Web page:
Italy is expected to pay slightly more than it did a month ago to borrow for three years at today’s auction of up to 6 billion euros of a range of bonds. Yields edged up at a sale of 11 billion euros of short-term paper on Wednesday but there is no immediate cause for alarm. Three year-yields have dropped from 5.3 percent to around 3.3 since the ECB declared its readiness to buy the bonds of troubled euro zone sovereigns and Italy has shifted about 80 percent of its debt requirements this year, so is on track in that regard.
The fact that it now seems possible that Mario Monti could continue as prime minister after spring elections can’t do any harm either although yesterday’s surprise cut in income tax muddies the waters a little.
The main problem for Italy is that Spain is in no rush to seek a bailout, a move that would alleviate pressure on Rome too. The IMF kept up the drumbeat of pressure for action in Tokyo, demanding “courageous and cooperative action”, having yesterday said the euro area was still threatened by a “downward spiral of capital flight, breakup fears and economic decline”. German Finance Minister Wolfgang Schaeuble retorted that Europe was solving its problems and had done far more than appeared to outside observers.
We’ve been reliably told that Germany wants Madrid to hold off for now. Angela Merkel faces an increasingly fractious Bundestag and she wants to go back to it only one more time with one package covering Spain, Greece and maybe bailouts of the small Cypriot and Slovene economies. Today, Merkel meets Hungarian premier Viktor Orban in Berlin.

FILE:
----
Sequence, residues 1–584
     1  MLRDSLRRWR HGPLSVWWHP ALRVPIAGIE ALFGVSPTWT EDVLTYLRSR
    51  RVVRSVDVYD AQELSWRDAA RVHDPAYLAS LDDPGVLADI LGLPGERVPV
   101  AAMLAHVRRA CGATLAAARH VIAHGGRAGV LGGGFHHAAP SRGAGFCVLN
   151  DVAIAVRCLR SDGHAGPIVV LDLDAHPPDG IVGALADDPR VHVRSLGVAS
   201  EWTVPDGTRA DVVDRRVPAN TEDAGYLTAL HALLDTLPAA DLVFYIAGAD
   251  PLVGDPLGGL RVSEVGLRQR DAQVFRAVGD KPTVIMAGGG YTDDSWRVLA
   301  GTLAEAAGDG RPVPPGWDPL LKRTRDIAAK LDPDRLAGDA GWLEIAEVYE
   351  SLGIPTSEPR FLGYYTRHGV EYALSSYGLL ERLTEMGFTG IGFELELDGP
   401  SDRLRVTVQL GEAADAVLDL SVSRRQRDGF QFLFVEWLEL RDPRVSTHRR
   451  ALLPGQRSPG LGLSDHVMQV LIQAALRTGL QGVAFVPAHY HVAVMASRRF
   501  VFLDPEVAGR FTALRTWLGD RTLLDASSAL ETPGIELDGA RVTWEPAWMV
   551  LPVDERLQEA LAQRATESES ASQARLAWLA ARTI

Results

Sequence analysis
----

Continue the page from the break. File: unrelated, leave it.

Given all the mixed messages from the Spanish government it is entirely unclear that it has yet reconciled itself to seeking help, though its debt refinancing numbers still dictate that it will probably have to before the year is out. Overnight, Standard & Poor’s cut Spain to near junk and we’re still waiting for a Moody’s review, due any time, which could well push the sovereign into junk territory. S&P pointedly said the government’s hesitation over a bailout programme raised the downside risks to its rating. It also said tensions with regional governments were diluting policies. Prime Minister Mariano Rajoy may well want to get regional elections in Galicia and the Basque country, due later this month, out of the way before swallowing the bitter pill of outside help.